• Durability: Ideally, the mixer must be constructed of high-quality, well-made and durable materials. It should withstand frequent use and transportation to gigs when needed. As well as keeping you company for a long while.

  • Pricing: DJ mixers come in various sizes and formats. The professional ones are pricey, as usual. If you are on a budget, it's better to find a pre-owned high-end mixer in reasonable condition or wait until you save enough for something good. More features = more money.

  • Reason: It is important to consider the reason for your purchase. Stating the primary purpose of your DJ setup will significantly influence your final choice.

  • Different type of mixers: Mixers come in many styles to support different DJ styles and set-ups. Knowing what kind of system you’re looking for will give you a head start when purchasing.

  • Digital vs analogue: No DJ guide is complete without going into this debate. Digital mixers take an electrical signal and transform it into a numerical representation. This allows the user to split the sound into different frequencies and organise it with a computer software system. Analogue mixers are old-school. They don’t provide digital conversions so you can operate without a laptop.

    Given that the sounds are warmer and more natural, analogue mixers tend to be the preference for audiophiles and record collectors. Analogue options are cheaper than their digital counterparts yet still deliver a fantastic experience. They are exceptionally reliable, user friendly, and work with most DJ software if you need different effects. Additionally, vinyl turntables can plug naturally into an analogue DJ mixer with zero fuss, which is a note that should be taken when looking into how to become a DJ.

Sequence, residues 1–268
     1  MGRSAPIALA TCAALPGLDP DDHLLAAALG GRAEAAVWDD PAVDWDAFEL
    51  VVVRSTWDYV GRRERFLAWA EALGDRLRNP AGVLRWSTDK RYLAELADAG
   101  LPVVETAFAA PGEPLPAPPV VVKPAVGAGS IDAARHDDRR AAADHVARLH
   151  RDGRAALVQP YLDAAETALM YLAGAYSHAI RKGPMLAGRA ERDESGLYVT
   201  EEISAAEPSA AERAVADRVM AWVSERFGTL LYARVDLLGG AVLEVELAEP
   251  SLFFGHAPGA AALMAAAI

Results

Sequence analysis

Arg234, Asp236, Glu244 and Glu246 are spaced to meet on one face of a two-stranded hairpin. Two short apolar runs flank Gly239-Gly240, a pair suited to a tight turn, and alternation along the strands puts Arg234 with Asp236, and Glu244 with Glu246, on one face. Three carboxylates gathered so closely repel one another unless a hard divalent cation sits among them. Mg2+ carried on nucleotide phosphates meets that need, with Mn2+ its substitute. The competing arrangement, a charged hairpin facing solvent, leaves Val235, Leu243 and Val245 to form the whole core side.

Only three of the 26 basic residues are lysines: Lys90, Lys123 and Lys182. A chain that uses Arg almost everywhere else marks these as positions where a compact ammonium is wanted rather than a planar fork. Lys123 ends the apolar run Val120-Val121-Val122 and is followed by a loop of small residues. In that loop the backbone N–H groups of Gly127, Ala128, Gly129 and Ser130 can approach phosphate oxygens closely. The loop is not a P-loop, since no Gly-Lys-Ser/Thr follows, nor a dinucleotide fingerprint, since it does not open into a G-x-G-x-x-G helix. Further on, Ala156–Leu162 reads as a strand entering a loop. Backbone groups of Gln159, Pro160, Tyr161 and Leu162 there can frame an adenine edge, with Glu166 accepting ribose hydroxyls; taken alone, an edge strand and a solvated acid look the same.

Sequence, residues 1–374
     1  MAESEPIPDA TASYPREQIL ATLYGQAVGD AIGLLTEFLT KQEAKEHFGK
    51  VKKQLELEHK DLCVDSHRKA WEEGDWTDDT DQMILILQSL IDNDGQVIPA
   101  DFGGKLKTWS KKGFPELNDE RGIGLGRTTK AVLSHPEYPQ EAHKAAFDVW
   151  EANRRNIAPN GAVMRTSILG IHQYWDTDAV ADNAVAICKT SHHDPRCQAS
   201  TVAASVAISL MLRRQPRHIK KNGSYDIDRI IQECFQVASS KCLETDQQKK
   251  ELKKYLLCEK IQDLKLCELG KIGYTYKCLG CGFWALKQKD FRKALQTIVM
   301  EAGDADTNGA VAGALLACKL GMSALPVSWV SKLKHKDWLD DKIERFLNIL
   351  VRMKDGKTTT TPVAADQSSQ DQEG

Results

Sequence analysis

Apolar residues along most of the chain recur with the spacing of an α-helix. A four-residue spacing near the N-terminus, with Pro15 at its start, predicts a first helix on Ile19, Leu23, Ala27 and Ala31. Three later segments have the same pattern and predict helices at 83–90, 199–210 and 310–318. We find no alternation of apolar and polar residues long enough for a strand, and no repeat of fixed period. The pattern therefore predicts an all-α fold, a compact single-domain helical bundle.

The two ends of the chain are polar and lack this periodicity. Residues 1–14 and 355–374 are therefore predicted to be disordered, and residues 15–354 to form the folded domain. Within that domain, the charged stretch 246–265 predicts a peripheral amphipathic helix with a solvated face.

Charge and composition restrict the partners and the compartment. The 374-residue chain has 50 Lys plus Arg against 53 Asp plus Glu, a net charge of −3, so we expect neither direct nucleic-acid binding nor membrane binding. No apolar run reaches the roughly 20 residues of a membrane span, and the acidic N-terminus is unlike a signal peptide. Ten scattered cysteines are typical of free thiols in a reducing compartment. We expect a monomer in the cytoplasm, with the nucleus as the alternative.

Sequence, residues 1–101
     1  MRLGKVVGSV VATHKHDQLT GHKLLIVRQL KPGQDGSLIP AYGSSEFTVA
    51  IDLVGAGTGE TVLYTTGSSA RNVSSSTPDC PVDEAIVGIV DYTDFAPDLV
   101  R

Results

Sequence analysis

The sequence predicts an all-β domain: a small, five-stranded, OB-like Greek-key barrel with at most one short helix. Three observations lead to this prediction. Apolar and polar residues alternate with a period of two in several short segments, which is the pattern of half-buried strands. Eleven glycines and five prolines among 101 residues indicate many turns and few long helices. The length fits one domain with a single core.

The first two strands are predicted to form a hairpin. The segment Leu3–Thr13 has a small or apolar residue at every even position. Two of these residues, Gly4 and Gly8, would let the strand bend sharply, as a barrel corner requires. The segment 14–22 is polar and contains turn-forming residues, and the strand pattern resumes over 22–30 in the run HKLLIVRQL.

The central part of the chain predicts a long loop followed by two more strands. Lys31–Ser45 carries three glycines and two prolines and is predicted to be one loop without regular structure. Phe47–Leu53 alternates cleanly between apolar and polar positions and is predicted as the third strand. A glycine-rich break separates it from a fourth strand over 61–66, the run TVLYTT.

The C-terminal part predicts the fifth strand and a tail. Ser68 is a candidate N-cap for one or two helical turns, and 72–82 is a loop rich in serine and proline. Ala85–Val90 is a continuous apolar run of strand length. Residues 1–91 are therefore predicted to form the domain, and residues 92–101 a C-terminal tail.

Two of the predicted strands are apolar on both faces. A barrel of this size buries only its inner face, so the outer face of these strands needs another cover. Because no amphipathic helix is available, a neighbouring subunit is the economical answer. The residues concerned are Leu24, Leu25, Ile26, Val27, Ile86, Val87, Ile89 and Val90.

Scratch vs regular: Another consideration when choosing your DJ mixer is whether you want a scratch tool or just a standard mixer. Scratch mixers focus more heavily on cross-fading functionality. They have a very robust cross-fader, allowing DJs to cut scratch audio in and out of their music with precision and speed.

    While many basic mixers have cross-fading built-in, they can't stand up to the capabilities of a scratch mixer. Those are often simple and elegant devices. However, if you’re not particularly interested in scratch mixing, settle for a regular mixer, as it's more accessible and will give you all the necessary functionality.

    Rotary mixers: There’s another type of mixer we cannot skip in our DJ guide, even though it's definitely an experienced tool: the almighty rotary mixer. They use knobs to control sound, not faders, so instead of pushing a button up and down, the DJ twists and tweaks knobs. They are known for their ultra-sleek sound and smooth EQ, turning track blends into masterpieces.

    As DJs continue to move away from heavily digital-focused gear and search for more natural sounds, rotary mixers are gaining steam. Many of these come with expensive components, high-definition audio, and a considerable price tag. Definitely a worthwhile investment for audiophiles or hipster underground clubs, or just an option to consider while on the journey of how to be a DJ for beginners.

    6.3.1. DJ Guide to Buying Mixers

    If you’re searching for a club-level performance, look no further... Grab the Allen & Heath Xone:96 and enjoy the show. Pioneer’s DJM-900NXS2 is the other must-check industry standard mixer, preferred by effect appreciators and DVS DJs. Pioneer made some excellent changes in the previous model that we find here: twin USBs, much improved FX, and astonishing USB FX send/returns are the technological improvements that stand out most.